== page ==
anderson : surf riding in hawai'i, 1916.
Anderson : Surf riding in Hawai'i, 1916.
Extracts and colour photograph from
The Spell of the Hawaiian Islands and the
being an account of the historical
and political conditions of our Pacific possessions,
together with descriptions of the
natural charm and beauty of the countries
and the strange and interesting
customs of their peoples.
The Page Company,
As we approached the dock, we forgot to watch the
frolicking porpoises and the silver flying fish, at sight of
the daring natives on their boards riding the surf that broke
over the coral reef.
The only familiar face we saw on
the wharf as we landed was Mr. George Carter, a friend of my
husband's, who has since been
Governor of the Islands.
Facing page 16
After lunching with the
American Minister, Mr. Sewall, one day, we sat on his lanai at
Waikiki and watched the
surf-boating, which was most exciting, even from a distance, as
the canoes came in at racehorse speed on the crest of the
That day L. and I put
our bathing suits on, as we did indeed several times, got into
an outrigger canoe with two native boys to handle it, and
started for the reef.
They skilfully paddled
the boat out between the broken waves, waiting for the chance to
move on without meeting a foaming crester, and then hurrying to
catch a smooth place.
At last we got out far
enough and turned, watching over our shoulders for a big fellow
to come rolling in.
Then the boys paddled
wildly and allowed the crest, as it broke, to catch and lift the
boat and rush it along on top of the roaring foam, right up to
On one of our trips our
oarsmen were a little careless and we were upset.
But instead of swimming
in shore we swam out to sea and pushed the boat until we were
well beyond the breakers, where we could right it again and get
in — which, for those not used to it, is not a particularly easy
thing to accomplish.
The people on the shore
became frightened about us and sent out another boat to pick us
up, for we were quite far out and there were many sharks around.
By the way, one hears it
questioned even to-
day whether sharks really do eat men, notwithstanding two men
were bitten lately while bathing as far north as on the New
I will simply say I have
seen a black diving boy at Aden with only one leg, as the other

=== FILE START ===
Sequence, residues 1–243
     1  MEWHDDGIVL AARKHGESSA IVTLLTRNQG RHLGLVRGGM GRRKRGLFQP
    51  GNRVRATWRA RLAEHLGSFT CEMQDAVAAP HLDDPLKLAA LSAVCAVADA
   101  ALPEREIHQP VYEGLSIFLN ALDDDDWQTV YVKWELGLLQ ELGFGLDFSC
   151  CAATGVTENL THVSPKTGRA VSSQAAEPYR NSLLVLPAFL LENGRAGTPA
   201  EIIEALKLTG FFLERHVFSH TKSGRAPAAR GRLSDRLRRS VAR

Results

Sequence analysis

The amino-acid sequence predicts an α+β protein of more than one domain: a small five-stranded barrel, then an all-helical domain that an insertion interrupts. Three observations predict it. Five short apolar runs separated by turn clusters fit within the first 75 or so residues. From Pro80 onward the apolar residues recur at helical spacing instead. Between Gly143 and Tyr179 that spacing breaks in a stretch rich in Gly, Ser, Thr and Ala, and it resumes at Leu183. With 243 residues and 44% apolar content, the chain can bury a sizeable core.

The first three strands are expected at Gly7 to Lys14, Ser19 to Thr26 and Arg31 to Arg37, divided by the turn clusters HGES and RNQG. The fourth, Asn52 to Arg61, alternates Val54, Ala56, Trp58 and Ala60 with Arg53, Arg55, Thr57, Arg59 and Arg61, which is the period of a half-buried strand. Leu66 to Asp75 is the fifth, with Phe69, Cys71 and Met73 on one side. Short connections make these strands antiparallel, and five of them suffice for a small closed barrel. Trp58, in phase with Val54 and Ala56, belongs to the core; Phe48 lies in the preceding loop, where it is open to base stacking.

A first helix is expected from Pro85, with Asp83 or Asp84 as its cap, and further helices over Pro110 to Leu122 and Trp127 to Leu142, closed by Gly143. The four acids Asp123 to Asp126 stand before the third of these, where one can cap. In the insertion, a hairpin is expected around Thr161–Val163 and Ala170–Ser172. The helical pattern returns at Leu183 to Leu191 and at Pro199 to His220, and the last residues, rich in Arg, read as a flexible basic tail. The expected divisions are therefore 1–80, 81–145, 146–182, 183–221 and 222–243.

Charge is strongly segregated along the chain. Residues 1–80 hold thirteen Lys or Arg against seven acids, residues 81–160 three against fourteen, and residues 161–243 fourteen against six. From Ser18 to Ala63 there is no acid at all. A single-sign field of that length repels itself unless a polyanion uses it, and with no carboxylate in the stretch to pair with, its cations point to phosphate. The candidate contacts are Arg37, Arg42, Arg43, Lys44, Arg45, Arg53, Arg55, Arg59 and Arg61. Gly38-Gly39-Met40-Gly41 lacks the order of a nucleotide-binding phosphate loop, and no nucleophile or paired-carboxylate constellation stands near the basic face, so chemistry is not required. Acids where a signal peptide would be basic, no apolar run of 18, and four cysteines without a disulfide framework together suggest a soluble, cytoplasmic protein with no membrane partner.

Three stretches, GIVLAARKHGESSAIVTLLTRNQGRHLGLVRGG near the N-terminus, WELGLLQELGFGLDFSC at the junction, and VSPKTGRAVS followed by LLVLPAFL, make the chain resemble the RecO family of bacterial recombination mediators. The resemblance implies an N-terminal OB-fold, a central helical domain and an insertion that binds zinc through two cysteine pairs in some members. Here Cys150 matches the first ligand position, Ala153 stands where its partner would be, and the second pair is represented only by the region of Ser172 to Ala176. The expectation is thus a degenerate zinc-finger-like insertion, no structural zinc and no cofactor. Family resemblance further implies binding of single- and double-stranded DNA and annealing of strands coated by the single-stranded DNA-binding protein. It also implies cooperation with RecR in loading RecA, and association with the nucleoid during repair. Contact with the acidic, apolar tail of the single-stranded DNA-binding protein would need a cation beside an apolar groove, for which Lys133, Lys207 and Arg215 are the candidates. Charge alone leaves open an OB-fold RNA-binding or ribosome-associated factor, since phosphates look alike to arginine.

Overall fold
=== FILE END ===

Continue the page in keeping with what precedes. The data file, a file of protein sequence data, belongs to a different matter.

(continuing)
was bitten off by a shark, and have myself even worn black
stockings when bathing in tropical seas because it is said
sharks prefer white legs to black.
Page 32 [Myths and
Boxing, surf-riding and
hurling the ulu — a circular stone disk, three or four inches in
diameter — were some of the favourite amusements, as well as
tobogganing, which is interest- ing as a tropical adaptation of
something that we consider a Northern sport.
The slide was laid out
on a steep hillside, that was made slip-
pery with dry pili grass.
The sled, of two long,
narrow strips of wood joined together by wicker work, was on
runners from twelve to fourteen feet long, and was more like our
sleds than modern toboggans.
The native held the sled
by the middle with both hands, and ran to get a start.
Then, throwing himself
face downward, he flew down the hill out upon the plain beyond,
sometimes to a distance of half a mile or more.
The Hawaiians also plant
taro for poi, which, although now manufactured by machinery, is
still their favourite food, and is also eaten by the whites:
Doctors pronounce it most digestible and strengthening.
Duke Kahanamoku, a
native who has always lived on poi, is the champion swimmer of
It is true that not only
poi but also the climate is favourable to our race as well, for
white boys brought up in Hawaii have proved themselves to be
strong, all those who have gone into athletics in American
colleges having made fine records.
On the shore , at the
extreme western point of the island [Kaui], are the Barking Sands, a row of sand dunes.
"The wind on the sands
makes them rustle like silk; to slide down them produces a sound
like thunder; to stamp on them makes them cry out in different
Not far away is an old
bathing beach, where a bath was supposed to bring good luck.
Geoff Cater (2013-2018) :
Isabel Anderson : Surf Riding, Hawaii, 1916.